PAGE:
Milton Lopes

"I really don't like the way that people see disabled performers as inspirational or 'brave', regardless of what we do on stage”

Tell us a bit about your work and your practice, what are you currently focussed on?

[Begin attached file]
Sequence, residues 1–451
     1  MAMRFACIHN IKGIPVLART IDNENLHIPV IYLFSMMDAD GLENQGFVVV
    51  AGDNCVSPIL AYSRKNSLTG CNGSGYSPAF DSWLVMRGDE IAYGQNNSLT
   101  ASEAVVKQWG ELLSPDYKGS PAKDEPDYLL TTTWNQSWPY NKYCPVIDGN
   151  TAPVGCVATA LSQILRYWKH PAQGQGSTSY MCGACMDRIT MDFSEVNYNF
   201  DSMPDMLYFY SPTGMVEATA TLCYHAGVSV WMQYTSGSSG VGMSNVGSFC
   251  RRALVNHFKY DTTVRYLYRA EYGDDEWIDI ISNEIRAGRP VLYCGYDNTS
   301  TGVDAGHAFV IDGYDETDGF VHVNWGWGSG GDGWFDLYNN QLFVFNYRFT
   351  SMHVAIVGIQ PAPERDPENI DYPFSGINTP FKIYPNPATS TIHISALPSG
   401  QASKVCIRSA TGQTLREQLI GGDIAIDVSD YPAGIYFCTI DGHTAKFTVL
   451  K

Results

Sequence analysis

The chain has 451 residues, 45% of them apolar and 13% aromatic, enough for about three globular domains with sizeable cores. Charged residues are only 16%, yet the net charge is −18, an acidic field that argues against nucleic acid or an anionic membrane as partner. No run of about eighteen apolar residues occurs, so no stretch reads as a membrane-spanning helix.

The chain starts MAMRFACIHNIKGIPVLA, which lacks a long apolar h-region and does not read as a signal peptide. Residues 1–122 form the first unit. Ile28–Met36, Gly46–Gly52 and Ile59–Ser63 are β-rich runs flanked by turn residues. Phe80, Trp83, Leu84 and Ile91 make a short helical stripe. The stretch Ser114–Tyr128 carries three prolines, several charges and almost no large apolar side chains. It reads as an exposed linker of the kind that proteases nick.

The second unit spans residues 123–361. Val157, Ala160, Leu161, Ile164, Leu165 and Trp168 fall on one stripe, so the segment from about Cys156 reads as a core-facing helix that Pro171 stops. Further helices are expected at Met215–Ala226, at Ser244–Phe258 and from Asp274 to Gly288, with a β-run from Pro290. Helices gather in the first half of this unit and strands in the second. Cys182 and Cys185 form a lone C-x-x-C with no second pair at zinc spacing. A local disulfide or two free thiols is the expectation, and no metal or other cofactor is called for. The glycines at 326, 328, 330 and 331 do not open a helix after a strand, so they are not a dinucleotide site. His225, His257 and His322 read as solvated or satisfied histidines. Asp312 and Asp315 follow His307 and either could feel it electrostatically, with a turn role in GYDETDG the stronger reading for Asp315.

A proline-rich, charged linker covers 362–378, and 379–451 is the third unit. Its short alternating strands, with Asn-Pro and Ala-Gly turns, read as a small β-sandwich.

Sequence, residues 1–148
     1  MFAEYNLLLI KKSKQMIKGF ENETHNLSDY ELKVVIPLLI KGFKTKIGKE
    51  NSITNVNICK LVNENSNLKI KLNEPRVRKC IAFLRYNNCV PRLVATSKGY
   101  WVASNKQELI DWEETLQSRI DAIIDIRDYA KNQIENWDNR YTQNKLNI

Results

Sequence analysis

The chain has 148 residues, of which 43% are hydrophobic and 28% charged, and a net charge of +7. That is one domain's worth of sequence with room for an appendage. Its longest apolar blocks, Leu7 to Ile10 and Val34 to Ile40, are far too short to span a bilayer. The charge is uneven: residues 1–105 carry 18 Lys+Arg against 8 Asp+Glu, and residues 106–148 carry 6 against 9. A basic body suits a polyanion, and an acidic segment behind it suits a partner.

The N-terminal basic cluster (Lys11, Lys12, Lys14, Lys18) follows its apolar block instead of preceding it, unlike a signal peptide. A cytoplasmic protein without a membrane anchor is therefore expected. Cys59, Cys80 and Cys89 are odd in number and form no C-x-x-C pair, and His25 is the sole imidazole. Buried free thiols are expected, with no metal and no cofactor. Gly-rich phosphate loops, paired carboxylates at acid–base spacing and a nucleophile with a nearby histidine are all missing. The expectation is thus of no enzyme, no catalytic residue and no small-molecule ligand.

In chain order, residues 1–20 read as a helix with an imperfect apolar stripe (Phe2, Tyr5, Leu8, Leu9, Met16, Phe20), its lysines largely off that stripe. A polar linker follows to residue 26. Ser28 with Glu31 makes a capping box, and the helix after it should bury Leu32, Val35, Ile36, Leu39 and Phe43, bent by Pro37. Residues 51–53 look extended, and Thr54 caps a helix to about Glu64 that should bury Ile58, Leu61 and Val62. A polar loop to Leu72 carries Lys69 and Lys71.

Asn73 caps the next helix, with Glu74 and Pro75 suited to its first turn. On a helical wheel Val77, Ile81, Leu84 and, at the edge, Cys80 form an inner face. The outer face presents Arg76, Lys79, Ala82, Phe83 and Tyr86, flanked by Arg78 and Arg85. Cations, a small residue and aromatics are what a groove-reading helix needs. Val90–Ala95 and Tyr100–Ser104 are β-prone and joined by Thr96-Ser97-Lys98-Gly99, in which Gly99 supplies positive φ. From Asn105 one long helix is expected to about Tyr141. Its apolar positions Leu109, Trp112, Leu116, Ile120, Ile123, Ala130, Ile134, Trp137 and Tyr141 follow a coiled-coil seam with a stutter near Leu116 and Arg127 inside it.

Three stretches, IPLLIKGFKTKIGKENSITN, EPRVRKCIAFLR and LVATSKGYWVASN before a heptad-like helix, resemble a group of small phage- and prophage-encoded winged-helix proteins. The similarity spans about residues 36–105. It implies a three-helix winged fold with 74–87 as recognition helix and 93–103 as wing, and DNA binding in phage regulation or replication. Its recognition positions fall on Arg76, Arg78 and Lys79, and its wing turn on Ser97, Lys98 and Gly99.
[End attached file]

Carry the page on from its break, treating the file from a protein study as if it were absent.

For the last ten years, I’ve been developing my show Elephant. It’s a multidisciplinary work with theatre, live music, circus, audio description and sign language. I first wrote it as a monologue, at about the same time as I started training circus. Elephant is about how you do or don’t fit in when you are disabled and unsure of your racial identity. All the performers are deaf and/or disabled and we use access in a creative way. The most important thing about the show is its potential to inspire other people who are disabled and to show able-bodied audiences the unlimited creativity of disabled performers and disabled artists. There might be a kid who is D/deaf or disabled, who experiences the work and says ‘I want to do that’ and knows through seeing us that it’s possible.